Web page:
- Wednesday 15 March 2023
- 5:30pm - 7:00pm
- Online event
- Every other Wednesday
- Wednesday 10 May 2023
A Zoom webinar series run by the University of Leeds, University of Birmingham and St Andrews.
Since the end of the Cold War, many Europeans began to believe that war between states was a thing of the past. Even eminent military historian John Keegan said in 1993: “You can forget about big wars.”
The time of war as a normal political tool seemed to be over, even more so because war had already become morally unacceptable since the end of the Second World War. Optimism dominated the interpretation of international politics: the time of war, at least of big wars in Europe, seemed to be over.
‘Zeitenwende’ and an uncertain future
The war in Ukraine seems to fundamentally challenge this view. German politicians speak about a fundamental historical turn (“Zeitenwende”). A number of questions arise which are of interest for all of us, and may change our perception of an uncertain future. Is a new era coming, is our belligerent past coming back? Are we indeed at a historical turning point, and if so, how does the future of war look? Was the optimistic belief that war was a phenomenon of the past a short-sighted and Eurocentric view, which worked only because it did not look at the rest of the world and excluded even the ongoing violence on the fringes of Europe itself?
Our webinar series wants to take stock and to hear what international experts have to say about war in our time.
We will focus mainly, but not exclusively, on events in Ukraine. We will discuss the experience of war on the battlefields of today and those of the future, and how modern societies cope with the fundamental challenges of war. We will also offer historical reflections and insights.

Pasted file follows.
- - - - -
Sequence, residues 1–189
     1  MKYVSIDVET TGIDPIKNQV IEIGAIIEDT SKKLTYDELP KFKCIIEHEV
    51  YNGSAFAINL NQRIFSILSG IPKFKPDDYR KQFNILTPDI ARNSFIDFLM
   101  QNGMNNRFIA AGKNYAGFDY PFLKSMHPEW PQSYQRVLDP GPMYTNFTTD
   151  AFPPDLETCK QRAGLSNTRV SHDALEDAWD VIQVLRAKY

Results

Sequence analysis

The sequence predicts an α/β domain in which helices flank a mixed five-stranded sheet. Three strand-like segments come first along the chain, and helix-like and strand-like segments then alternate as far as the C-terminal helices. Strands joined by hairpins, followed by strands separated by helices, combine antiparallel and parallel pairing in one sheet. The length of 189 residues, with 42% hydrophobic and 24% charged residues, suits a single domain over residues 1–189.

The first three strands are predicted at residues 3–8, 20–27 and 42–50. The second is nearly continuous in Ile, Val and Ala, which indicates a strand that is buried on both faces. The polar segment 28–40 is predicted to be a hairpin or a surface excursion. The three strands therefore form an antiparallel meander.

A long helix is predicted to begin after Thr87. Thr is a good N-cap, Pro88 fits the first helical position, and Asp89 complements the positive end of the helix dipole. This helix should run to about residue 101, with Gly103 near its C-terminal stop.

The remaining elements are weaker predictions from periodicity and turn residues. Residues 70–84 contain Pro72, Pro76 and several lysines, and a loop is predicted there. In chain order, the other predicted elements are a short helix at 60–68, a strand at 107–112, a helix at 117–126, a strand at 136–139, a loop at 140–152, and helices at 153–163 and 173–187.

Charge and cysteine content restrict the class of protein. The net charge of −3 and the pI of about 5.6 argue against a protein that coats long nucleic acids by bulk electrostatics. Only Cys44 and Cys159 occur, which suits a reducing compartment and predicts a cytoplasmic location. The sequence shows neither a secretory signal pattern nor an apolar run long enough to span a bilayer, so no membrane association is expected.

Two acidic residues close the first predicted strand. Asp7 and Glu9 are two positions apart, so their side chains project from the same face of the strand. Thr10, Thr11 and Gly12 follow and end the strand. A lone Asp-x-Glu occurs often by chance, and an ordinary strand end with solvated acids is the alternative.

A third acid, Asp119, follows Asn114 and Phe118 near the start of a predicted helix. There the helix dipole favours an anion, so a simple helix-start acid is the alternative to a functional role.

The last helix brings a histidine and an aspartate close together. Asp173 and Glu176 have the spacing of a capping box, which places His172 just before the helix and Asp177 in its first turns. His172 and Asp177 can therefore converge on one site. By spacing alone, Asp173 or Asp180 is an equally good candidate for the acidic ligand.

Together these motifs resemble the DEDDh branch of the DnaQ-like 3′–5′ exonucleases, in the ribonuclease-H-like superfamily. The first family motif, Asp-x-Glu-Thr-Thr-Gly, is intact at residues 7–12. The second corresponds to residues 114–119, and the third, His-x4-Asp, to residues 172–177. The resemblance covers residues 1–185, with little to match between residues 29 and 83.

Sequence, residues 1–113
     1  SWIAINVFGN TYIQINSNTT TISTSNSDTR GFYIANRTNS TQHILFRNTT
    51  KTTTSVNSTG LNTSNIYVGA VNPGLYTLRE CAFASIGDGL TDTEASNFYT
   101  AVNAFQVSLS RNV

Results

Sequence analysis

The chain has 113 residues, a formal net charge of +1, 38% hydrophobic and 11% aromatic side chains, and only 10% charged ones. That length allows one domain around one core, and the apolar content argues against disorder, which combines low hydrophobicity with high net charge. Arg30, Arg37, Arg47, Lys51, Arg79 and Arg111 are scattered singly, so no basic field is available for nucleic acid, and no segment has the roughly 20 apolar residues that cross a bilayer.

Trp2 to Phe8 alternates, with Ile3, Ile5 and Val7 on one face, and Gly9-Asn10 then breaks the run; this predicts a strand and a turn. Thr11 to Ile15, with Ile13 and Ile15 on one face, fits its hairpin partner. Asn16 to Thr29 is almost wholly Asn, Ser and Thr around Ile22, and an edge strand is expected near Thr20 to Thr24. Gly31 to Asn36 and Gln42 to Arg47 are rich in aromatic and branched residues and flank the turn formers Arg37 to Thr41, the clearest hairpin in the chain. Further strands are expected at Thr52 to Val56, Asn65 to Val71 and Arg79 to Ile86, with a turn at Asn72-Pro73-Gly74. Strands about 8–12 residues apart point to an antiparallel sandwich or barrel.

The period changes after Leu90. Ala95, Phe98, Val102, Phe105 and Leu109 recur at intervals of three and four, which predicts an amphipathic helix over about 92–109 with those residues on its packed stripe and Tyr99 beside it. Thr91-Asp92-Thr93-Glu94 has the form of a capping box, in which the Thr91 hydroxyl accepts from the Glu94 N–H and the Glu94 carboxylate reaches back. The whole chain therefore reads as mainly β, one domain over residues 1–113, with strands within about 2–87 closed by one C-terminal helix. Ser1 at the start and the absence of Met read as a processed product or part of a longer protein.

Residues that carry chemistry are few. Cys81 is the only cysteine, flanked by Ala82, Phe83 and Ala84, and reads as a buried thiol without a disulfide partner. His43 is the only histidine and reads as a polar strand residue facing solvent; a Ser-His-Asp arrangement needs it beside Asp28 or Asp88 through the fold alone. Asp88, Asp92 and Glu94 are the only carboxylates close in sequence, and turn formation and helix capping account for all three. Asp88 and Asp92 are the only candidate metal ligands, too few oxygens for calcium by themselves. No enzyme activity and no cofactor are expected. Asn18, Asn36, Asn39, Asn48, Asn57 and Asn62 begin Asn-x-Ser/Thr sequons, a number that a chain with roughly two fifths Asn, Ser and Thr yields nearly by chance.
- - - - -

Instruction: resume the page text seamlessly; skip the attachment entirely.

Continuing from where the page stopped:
The webinars will be held on Wednesdays during term time, fortnightly, from 5.30pm to 7pm on Zoom. We will circulate Zoom invitations for each meeting in good time. Some sessions will be available to view after the event – see individual sessions for details.
Webinar organisers are Professor Holger Afflerbach (University of Leeds), Dr. Marc De Vore (University of St. Andrews) and Dr Daniel Whittingham (University of Birmingham).
Topics and presenters, Autumn 2022 / Spring 2023
Please note that the event on the 8 March 2023 (End of Empire, Russian imperialism and the War in Ukraine – Professor Dominic Lieven (Cambridge)) has been canceled due to unforeseen circumstances.
15 March 2023 – Round table 2: Comparing wars past and present: Parallels and differences
Professor Alexander Watson, Goldsmith (WWI), Prof. Markus Poehlmann, Potsdam (WWII) and Dr. Dan Whittingham, Birmingham (wars after 1945). Moderator: Holger Afflerbach
Join the ‘Round table 2’ event on Zoom – Meeting ID: 820 4078 1495 – Passcode: 4Vwz$a
10 May 2023 (17:30 – 19:00) – A global and extra-European view on wars in our time
Professor Neta Crawford (Oxford)
Join the event “A global and extra-European view on wars in our time” on Zoom – Meeting ID: 853 6950 9080 – Passcode: P@1=Mm
1 March 2023 – The historian’s and the economist’s view – the efficiency of economic warfare
Dr Jonathan Boff, (Birmingham)
1 February 2023 – How can we understand what is going on in Ukraine? A view on sources and intelligence
Colonel Markus Reisner, Militaerakademie Wiener Neustadt, Austria.
7 December 2022 – Ukraine and the Russian menace – POSTPONED
Andrij Zagordnyuk, former Defense Minister of Ukraine.
23 November 2022 – The Russian and Ukrainian Societies and the War in Ukraine
Dr. Sofya Anisimova and Dr. Taras Fedirko.
9 November 2022 – Historical Reflections (Round table 1): ‘Wars and the dangers of escalation’.
Holger Afflerbach, Hew Strachan, Marc De Vore, Annika Mombauer.
26 October 2022 – Lessons from Ukraine for the Wars and Battlefields of the Future
General Dr. Freuding, Chief of the Ukraine Center in the German MoD.
Watch a recording of Lessons from Ukraine on Zoom – Passcode: sCF@D4bu
12 October 2022 – The maritime dimension of the war in Ukraine
Dr. Deborah Sanders, Reader, King’s College.
28 September 2022 – Contemporary Conflicts: Lessons from Iraq, Afghanistan, and Ukraine
General David Petraeus.